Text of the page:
Do I Suffer From Over-Pronation Of The Foot

Overview

During initial contact or heel strike, the ankle rolls inward, causing excessive pronation or flattening of the foot. This action forces the big toe (instead of the ball of foot and all toes) to do all the work to push off the ground. When the ankle overpronates, this causes the tibia (shin bone) to rotate and the femur (thigh bone) to adduct (move toward the mid-line of the body), causing internal rotation or knee valgus (knock-kneed).Overpronation

Causes

Excess stress on the inner surface of the foot can cause injury and pain in the foot and ankle. Repeated rotational forces through the shin, knee, thigh and pelvis also place additional strain on the muscles, tendons and ligaments of the lower leg.

Symptoms

Due to the laxity of the soft tissue structures of the foot, and the fact that the joints are not held together properly, the bones of the feet shift. When this occurs, the muscles that attach to these bones must also shift, or twist, in order to attach to these bones. The strongest and most important muscles that attach to our foot bones come from our lower leg. So, as these muscles course down the leg and across the ankle, they must twist to maintain their proper attachments in the foot. This twisting of these muscles will cause shin splints, Achilles Tendonitis, generalized tendonitis, fatigue, muscle aches and pains, cramps, ankle sprains, and loss of muscular efficiency (reducing walking and running speed and endurance). The problems we see in the feet, which are due to over-pronation include bunions, heel spurs, plantar fasciitis, fallen and painful arches, hammertoes, metatarsalgia (ball of foot pain), and calluses.

Diagnosis

At some point you may find the pain to much or become frustrated. So what are you options? Chances are your overpronation has led to some type of injury if there's pain. Your best bet is to consult with someone who knows feet. Start with your pediatrist, chiropodist or chiropractor. They'll be able to diagnose and treat the injury and give you more specific direction to better support your feet. One common intervention is a custom foot orthotic. Giving greater structural support than a typical shoe these shoe inserts can dramatically reduce overpronation.Over Pronation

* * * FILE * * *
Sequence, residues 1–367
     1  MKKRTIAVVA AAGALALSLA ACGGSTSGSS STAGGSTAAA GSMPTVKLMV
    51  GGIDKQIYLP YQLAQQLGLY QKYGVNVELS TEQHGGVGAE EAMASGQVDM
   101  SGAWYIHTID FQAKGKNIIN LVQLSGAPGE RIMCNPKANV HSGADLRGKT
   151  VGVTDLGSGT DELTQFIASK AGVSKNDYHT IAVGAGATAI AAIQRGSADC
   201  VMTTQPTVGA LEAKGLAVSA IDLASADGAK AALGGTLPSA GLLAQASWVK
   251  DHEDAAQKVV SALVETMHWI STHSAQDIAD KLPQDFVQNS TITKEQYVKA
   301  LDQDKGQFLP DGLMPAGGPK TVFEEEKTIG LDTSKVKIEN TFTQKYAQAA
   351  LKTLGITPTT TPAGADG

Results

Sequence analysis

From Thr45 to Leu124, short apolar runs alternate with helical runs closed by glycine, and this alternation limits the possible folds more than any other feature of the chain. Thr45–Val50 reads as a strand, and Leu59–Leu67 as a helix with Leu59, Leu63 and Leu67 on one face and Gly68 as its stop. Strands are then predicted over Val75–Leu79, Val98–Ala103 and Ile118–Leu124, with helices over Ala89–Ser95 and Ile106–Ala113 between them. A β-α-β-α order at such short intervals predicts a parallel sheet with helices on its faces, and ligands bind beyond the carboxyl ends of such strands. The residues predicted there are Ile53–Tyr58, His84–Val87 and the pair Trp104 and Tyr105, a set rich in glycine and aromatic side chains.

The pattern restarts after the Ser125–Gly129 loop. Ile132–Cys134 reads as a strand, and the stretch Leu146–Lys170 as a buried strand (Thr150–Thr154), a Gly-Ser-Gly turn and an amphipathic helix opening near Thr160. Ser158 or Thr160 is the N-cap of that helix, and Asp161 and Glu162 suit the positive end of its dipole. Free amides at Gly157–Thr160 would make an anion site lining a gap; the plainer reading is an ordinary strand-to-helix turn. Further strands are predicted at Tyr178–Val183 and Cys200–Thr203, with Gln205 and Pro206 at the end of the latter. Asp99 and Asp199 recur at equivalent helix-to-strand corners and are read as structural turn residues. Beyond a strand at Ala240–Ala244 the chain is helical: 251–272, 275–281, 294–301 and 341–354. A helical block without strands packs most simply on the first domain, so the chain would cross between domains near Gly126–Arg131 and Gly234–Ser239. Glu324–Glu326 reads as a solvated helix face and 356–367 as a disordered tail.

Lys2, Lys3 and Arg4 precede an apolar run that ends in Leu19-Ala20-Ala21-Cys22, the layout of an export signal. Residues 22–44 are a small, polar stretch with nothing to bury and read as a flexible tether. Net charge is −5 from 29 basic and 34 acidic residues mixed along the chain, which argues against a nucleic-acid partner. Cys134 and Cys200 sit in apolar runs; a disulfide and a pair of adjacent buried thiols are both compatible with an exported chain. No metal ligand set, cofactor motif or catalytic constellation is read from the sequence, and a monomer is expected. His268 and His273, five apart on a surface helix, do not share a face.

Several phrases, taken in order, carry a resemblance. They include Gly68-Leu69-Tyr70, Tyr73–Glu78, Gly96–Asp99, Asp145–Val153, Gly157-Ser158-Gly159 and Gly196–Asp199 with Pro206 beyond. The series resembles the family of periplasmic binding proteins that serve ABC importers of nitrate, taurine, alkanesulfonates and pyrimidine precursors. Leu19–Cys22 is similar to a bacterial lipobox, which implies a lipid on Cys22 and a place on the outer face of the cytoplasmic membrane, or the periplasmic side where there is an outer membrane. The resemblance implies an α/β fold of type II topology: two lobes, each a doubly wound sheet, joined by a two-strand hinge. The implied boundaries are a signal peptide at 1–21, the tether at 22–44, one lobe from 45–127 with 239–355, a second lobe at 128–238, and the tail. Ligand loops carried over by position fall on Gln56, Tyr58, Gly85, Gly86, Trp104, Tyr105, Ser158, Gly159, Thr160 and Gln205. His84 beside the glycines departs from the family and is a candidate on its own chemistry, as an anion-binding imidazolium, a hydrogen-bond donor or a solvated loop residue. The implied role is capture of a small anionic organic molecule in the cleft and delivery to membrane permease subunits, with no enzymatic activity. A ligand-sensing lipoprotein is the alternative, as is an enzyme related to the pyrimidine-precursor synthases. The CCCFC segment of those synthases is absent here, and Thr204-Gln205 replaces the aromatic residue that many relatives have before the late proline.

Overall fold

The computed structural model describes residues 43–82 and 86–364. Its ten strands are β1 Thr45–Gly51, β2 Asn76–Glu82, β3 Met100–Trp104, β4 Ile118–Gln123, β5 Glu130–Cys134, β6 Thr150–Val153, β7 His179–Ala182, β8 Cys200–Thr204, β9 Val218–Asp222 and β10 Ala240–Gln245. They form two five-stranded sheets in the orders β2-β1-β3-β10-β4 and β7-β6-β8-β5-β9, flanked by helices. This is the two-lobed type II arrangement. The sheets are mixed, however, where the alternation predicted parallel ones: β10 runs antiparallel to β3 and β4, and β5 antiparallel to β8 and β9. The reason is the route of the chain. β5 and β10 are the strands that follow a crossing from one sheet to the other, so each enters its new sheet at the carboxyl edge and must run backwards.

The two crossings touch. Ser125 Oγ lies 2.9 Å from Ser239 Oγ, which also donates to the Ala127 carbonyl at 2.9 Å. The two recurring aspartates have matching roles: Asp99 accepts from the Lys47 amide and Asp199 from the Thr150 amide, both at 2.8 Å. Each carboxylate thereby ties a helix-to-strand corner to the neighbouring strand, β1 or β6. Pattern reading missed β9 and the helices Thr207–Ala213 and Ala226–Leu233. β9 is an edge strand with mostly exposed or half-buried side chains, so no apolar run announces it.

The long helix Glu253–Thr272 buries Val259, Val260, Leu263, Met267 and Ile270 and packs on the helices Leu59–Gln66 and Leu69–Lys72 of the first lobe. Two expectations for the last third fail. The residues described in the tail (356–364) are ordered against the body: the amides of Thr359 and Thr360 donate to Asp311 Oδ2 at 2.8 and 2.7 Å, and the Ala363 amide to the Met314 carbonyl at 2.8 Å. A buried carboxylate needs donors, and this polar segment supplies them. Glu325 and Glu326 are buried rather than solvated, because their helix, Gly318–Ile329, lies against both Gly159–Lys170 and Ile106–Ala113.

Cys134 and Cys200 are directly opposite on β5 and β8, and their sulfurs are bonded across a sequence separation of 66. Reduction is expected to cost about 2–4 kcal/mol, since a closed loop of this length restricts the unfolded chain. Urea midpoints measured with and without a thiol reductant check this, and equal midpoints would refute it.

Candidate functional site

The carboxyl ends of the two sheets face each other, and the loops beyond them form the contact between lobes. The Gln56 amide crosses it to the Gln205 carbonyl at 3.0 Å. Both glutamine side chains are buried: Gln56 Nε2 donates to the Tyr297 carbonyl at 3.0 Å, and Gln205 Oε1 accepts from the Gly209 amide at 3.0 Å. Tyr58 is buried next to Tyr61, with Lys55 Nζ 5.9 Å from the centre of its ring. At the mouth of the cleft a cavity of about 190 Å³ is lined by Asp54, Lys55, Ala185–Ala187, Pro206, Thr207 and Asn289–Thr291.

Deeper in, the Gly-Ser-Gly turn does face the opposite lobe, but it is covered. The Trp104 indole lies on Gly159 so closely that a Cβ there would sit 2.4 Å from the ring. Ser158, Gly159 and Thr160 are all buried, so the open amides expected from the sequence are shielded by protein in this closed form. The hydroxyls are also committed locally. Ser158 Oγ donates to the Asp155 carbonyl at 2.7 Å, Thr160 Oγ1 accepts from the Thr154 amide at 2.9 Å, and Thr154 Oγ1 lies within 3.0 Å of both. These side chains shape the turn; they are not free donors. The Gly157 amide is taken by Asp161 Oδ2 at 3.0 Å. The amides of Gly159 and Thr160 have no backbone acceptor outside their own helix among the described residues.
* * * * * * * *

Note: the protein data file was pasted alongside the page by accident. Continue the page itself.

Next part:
Non Surgical Treatment

When you see the doctor, he or she will likely perform a complete examination of your feet and watch you walk. The doctor will need to take x-rays to determine the cause of your flat feet. In some cases, further imaging may be needed, especially if your symptoms are severe and sudden in nature. Once you are properly diagnosed, your doctor will create an appropriate treatment plan. There are several options to correct overpronation, such as orthotics. In many cases, overpronation can be treated with non-surgical methods and over-the-counter orthotics. In severe cases, however, custom-made orthotics may work better. Orthotics provide arch support and therefore prevent collapse of the arch with weight bearing. They are made of materials such as spongy rubber or hard plastic. Your doctor will also want to examine your footwear to ensure they fit properly and offer enough medial support. Extra support and stability can be achieved with footwear that has a firm heel counter. If you are experiencing pain, you should be able to use over-the-counter pain medications such as ibuprofen to relieve symptoms.

Prevention

Strengthen the glutes to slow down the force of the foot moving too far inward. Most individuals who over-pronate have weak glute muscles and strengthening this area is a must. A simple exercise to strengthen glutes is lateral tube walking across a field/court/room. Place a lateral stretch band around your ankles and move your leg sideways while keeping your feet forward.

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